David Gewirtz @ ZD writes an interesting column on whether the 2nd Amendment of the US constitution (or equivalent protections globally) would have protected cell phone use if they had been around at the time. Despite the commenters digging a bit to deep into the constitutional theory, the question is a good one. Is your mobile a new weapon of choice, a means of defense, against a potentially overly strong centralized government? Not merely a protected means of communication rights, a la the first amendment, but one that is protected as a means of civil defense.
There is zero question that it has been used in recent times to bring down governments and to protest conditions as well as to organize radical dissent and rebellion. The picture I have posted above is the nature of the current debate, the protestor in the recent London Riots does not hold a gun or a bat or any other traditional weapon, they hold in their hand a cell phone, with a camera.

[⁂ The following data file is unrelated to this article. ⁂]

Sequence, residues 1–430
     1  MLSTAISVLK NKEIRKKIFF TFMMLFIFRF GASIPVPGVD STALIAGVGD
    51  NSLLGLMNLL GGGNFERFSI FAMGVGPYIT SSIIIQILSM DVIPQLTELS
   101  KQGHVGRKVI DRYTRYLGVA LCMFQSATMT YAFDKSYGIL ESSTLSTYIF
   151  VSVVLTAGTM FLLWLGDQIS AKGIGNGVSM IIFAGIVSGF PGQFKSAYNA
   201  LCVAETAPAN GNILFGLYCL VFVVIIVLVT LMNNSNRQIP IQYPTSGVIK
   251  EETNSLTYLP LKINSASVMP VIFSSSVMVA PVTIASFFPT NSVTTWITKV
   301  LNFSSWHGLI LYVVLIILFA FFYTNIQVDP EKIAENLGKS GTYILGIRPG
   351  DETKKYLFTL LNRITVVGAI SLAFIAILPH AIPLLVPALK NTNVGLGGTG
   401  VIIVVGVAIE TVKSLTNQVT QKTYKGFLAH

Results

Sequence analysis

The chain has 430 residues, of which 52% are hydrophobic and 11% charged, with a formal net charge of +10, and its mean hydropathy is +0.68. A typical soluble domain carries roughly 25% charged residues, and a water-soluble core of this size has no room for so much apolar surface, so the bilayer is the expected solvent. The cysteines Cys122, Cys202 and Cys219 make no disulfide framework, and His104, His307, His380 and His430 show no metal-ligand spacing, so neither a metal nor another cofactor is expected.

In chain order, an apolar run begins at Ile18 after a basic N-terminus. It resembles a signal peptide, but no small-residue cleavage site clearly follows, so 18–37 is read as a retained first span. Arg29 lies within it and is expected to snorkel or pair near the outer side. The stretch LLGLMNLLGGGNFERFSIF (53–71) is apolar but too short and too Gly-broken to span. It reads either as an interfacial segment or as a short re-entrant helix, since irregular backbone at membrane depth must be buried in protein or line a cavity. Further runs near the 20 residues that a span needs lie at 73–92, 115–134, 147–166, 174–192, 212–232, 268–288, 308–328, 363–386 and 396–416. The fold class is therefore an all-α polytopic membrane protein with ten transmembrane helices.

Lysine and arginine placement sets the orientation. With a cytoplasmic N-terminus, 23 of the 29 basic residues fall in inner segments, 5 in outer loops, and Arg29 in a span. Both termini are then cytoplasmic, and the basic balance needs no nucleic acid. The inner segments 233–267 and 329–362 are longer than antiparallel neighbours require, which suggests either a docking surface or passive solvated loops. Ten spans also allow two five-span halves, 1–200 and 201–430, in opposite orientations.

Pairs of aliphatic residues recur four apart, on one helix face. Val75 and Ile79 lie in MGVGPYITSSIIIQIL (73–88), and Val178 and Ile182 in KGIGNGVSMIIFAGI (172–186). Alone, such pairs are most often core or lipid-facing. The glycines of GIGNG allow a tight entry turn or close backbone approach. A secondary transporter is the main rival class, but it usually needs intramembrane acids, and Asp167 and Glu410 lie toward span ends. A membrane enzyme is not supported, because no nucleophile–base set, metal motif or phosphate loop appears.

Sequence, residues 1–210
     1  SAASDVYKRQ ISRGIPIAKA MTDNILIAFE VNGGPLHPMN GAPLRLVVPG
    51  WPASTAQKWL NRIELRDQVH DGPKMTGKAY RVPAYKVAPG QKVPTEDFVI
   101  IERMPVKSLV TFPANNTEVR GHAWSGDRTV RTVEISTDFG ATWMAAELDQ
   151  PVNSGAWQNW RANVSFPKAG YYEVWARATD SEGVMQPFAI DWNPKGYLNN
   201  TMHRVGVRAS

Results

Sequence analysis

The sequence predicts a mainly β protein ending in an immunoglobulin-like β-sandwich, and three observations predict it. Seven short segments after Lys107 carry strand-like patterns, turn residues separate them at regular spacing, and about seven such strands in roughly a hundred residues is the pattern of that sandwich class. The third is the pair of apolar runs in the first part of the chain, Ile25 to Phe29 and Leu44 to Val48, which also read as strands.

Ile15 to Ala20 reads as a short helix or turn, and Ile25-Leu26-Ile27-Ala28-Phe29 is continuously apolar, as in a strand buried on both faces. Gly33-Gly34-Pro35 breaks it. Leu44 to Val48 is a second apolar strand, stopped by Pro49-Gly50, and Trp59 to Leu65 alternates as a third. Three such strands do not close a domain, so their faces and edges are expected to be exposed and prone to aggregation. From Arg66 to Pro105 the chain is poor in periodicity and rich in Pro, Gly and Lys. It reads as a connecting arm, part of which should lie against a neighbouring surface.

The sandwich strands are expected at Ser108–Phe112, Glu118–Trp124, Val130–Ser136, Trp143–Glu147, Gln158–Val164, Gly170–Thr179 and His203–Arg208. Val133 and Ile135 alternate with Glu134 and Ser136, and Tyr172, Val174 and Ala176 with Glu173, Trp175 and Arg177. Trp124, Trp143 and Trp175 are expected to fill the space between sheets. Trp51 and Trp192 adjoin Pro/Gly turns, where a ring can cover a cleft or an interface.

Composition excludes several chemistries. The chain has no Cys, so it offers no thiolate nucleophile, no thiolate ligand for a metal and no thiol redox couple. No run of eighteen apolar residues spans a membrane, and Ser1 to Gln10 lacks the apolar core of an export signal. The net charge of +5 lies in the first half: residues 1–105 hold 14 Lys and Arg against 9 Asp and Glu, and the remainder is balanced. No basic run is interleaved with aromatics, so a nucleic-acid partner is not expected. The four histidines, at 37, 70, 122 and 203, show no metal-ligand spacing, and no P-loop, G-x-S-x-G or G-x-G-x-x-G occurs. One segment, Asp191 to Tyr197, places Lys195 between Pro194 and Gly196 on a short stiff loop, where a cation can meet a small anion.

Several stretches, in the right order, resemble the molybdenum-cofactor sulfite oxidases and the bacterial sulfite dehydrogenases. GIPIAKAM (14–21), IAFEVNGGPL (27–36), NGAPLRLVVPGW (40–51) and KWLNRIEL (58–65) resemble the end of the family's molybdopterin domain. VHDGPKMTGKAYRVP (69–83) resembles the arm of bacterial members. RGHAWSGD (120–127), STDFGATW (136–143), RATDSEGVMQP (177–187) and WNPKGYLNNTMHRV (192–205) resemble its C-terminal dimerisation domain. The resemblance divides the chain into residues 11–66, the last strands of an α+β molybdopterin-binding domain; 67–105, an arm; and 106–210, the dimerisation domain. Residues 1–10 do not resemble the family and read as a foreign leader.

Do states, as in the current UK discussion, have the right to turn off our access to mobile technology? Or to social media? This is more complex than mere 1st amendment protection of speech as governments now have the ability to eliminate, fairly easily, the *means* of communication.
This brings to mind several other questions. We had universal obligations put upon telecommunications providers in the US when we built out the network. Does that obligation now extend to social media networks, mobile operators? If not, why not?